I enjoy hanging out in joints – restaurants and bars of humble and modest stature. And I do not use the word “joints” in the pejorative sense. I use it as homage — a tribute, a pat on the back with a resounding “well-done.” Here are three of my favorite North Beach joints. I hope you like them, too.
I have come to realize that Il Pollaio, 555 Columbus Avenue, is one of my favorite North Beach restaurants. It is headquarters for grilled chicken in my neighborhood.
The proprietor is Maria Paula Castellucci Bautista. She goes by the name Paula, but I love using her full name. It rolls off the tongue. Paula’s parents, Giuseppe and Marta Castellucci, opened Il Pollaio in 1984. They had no prior restaurant experience. Giuseppe, an Italian from Calabria, had immigrated to Argentina with his family when he was 11 years old. There he met Marta, a second generation Argentine — also of Italian descent — and later married her.
Paula was born in Buenos Aires and was six when the family moved here in 1980. She started working in the restaurant washing dishes when she was 12. Her brother Jose Ignacio Castellucci worked there, too. The family lived upstairs over the restaurant until 1990.
From the beginning, the plan was to offer Argentine-style food, simple and grilled. And that’s what you get at Il Pollaio. For chicken and rabbit, Il Pollaio uses a proprietary dry rub. Lamb and other meats receive a coating of the traditional Argentine green sauce called chimichurri — finely chopped parsley and oregano, minced garlic, olive oil, and white wine vinegar. Red meats, chicken, rabbit, and produce are delivered daily. Soups — minestrone, split pea, and lentil — are made from scratch. Everything smacks of freshness and bold, uncomplicated flavors.
If you’re unfamiliar with Il Pollaio — which, by the way, Paula’s father translated as chicken coop in Italian — you must try it. A good choice might be a cup or bowl of soup ($4.25/$5.25 à la carte; ($3.50/$4.25 with meals), the grilled chicken (half $8.25, whole $14.25), and some grilled onions ($4). That’s my meal.
Approaching My Canh, wedged between Chinatown and North Beach, with its white lace cafe curtains and its tiled recessed entrance, you might be led to believe it’s a tiny French bistro on the Parisian Left Bank. But when you enter and note the Buddhist shrine at the far end with its incense sticks, fresh flowers, dish of apples, tiny cups of tea for the ancestral spirits, and the Formica-topped tables crowded with Asians slurping pho, you know you are closer to Vietnam than France. And that’s a good thing for North Beach pho fanciers like me. Not being an ancestral spirit, I go for the pho tai, that Vietnamese beef and rice-noodle soup, flavored with basil, green onions, a squeeze of lemon or lime, and topped with sprouts and raw, razor-thin sliced flank steak that cooks in the broth as you slurp it. It is number 25 on the menu and is $6.45. If it’s not a soup day for you, go for the bún, a Vietnamese salad with rice noodles. There are a variety of these salads and most are $6.45. My Canh, 626 Broadway, opened in 1999.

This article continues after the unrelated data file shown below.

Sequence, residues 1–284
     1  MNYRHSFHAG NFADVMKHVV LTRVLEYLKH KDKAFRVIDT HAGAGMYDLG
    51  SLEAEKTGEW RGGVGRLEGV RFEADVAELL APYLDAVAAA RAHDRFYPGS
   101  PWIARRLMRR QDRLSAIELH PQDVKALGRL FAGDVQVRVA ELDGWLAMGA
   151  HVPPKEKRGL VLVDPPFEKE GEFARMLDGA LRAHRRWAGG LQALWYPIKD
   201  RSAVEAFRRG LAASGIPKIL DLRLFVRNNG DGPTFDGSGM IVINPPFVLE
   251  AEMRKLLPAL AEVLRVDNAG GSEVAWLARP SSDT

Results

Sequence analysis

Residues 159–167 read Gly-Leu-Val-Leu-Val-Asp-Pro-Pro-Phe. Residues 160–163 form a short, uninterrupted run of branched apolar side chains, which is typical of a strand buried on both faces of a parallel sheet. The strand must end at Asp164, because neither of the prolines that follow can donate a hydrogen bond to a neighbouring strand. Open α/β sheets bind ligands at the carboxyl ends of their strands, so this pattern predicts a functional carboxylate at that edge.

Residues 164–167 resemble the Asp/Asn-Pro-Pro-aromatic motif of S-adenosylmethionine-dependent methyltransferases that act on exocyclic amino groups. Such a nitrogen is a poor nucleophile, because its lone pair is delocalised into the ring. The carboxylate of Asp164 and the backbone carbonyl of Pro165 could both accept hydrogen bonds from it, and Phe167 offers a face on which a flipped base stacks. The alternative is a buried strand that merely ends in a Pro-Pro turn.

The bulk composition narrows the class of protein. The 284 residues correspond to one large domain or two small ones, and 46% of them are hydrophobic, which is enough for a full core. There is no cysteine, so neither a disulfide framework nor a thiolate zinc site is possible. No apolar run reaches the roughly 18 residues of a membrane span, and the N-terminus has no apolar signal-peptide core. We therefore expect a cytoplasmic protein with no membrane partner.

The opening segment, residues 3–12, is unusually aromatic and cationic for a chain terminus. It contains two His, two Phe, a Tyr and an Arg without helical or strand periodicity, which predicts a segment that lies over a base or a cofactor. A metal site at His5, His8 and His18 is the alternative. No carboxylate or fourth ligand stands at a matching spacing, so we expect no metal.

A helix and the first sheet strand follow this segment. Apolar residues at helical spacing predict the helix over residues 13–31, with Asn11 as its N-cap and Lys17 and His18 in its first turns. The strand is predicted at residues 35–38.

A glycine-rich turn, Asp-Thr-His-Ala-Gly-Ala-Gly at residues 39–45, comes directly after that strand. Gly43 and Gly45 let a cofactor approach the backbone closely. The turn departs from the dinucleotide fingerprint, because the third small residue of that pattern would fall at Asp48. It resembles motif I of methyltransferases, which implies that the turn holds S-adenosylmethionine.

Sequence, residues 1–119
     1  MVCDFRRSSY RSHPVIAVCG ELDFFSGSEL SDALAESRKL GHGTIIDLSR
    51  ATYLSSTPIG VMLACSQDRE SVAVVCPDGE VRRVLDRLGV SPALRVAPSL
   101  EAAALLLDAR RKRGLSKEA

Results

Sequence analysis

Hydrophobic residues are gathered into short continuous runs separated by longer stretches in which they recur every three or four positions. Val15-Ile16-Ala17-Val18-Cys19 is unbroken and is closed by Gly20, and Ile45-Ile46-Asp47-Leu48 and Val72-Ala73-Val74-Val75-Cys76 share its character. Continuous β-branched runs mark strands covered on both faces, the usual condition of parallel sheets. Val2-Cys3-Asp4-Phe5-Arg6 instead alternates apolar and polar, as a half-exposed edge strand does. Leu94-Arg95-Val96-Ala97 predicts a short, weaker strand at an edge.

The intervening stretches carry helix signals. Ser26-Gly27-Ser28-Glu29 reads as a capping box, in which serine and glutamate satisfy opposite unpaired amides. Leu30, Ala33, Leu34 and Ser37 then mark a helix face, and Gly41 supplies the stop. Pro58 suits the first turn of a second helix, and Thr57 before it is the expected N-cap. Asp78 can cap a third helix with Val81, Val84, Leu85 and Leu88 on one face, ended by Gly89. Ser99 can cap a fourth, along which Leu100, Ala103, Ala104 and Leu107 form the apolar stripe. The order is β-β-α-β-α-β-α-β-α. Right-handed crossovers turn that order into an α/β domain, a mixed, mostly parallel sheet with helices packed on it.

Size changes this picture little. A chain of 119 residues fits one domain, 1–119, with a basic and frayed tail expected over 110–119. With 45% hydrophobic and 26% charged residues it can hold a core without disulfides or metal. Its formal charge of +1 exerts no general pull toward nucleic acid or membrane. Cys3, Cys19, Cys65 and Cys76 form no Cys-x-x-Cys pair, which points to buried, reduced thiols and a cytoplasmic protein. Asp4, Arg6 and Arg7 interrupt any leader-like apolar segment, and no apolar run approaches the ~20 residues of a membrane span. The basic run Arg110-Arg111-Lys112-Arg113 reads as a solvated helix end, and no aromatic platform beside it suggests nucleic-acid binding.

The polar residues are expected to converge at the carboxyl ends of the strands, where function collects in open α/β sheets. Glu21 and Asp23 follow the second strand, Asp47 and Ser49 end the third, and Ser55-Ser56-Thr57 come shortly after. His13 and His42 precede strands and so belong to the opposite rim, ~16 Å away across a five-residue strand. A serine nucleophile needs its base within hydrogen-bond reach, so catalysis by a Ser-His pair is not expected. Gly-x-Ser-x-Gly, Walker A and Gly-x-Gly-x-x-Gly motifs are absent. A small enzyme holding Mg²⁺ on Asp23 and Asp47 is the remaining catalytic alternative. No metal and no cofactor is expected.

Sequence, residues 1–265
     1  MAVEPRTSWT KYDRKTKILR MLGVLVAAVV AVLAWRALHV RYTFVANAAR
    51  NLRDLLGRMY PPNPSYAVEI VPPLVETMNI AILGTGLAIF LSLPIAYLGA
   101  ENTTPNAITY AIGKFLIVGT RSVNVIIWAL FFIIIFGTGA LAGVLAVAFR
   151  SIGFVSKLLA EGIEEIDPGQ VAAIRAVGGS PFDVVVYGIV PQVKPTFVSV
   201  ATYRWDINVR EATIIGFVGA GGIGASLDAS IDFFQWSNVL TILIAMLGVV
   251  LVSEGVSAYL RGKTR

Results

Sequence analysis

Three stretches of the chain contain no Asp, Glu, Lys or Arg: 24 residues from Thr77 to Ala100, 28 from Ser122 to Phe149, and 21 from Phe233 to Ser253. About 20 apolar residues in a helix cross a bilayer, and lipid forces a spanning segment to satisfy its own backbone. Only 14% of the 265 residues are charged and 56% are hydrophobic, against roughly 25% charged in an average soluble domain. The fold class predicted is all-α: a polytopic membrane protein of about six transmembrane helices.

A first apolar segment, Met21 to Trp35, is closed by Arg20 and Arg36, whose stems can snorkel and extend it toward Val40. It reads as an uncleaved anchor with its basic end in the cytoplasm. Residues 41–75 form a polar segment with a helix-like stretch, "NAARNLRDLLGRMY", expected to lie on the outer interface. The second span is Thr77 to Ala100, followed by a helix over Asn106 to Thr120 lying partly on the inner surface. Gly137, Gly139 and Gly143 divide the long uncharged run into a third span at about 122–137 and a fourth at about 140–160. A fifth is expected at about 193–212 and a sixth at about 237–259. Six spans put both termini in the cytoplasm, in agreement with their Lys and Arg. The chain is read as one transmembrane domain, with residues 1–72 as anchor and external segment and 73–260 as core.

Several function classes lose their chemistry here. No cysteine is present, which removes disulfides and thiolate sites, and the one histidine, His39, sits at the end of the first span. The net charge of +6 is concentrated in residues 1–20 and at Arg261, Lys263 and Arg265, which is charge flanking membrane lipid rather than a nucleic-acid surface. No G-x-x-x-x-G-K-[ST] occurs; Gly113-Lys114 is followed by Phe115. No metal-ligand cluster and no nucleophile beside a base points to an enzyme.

GINO AND CARLO
Once a month, on the first Thursday, Gino and Carlo, the old neighborhood saloon at 548 Green Street, serves a classic Italian lunch for about 100 or so happy guests who share long family-style tables laden with bottles of red and white wine, baskets of sourdough bread, huge bowls of salad, and pasta. And if you run out of any of the above just ask the server, and she’ll bring more of everything. And all of this comes before the main course, your choice of meat or fish. Going to a Thursday Gino and Carlo family lunch takes a time commitment. I usually drop in about 11:30 a.m. — officially, lunch starts at 12:30 p.m. — and walk out considerably heartier and heavier at about 4 p.m. Here’s what you can expect: a garlicky, mixed green salad with lettuce, tomatoes, kidney beans, and whatever; spaghetti with a red, lusty meat sauce; and then perhaps a strip steak, prime rib, osso buco, or short ribs. If it’s fish you prefer, you may find salmon, Petrale sole or sturgeon.
If you want to join up on a Thursday, drop into Gino and Carlo (not Carlo’s) in advance and plunk down 25 bucks to reserve a seat. If you want to get the jump on your lunch reservation, you might consider arriving at Gino and Carlo at 6 a.m. — the joint is open from that time until 2 a.m. the following morning. The 6 a.m. crowd includes bakers, cab drivers, sanitary workers, off-duty cops, and other night folks who need a little conversation before their daytime bedtime.
The Gino and Carlo chef for these incredible monthly lunches — and there is no other word for them but “incredible” — is Denise Sabella, long-time North Beach knockabout who has cooked and tended bar in some of my favorite joints.
Another thing I like about Gino and Carlo is this: On Thanksgiving Day each year, Denise gets several turkeys, roasts them and serves them with all the trimmings — bread stuffing, mashed potatoes, cranberry sauce, the whole works — and lays out a big dinner. Word gets around and anyone in the neighborhood, who has no family nearby and nowhere to go to celebrate the holiday, drops in for a free meal. “All you have to do is pop for one drink and you’re in,” Denise says. What a great idea.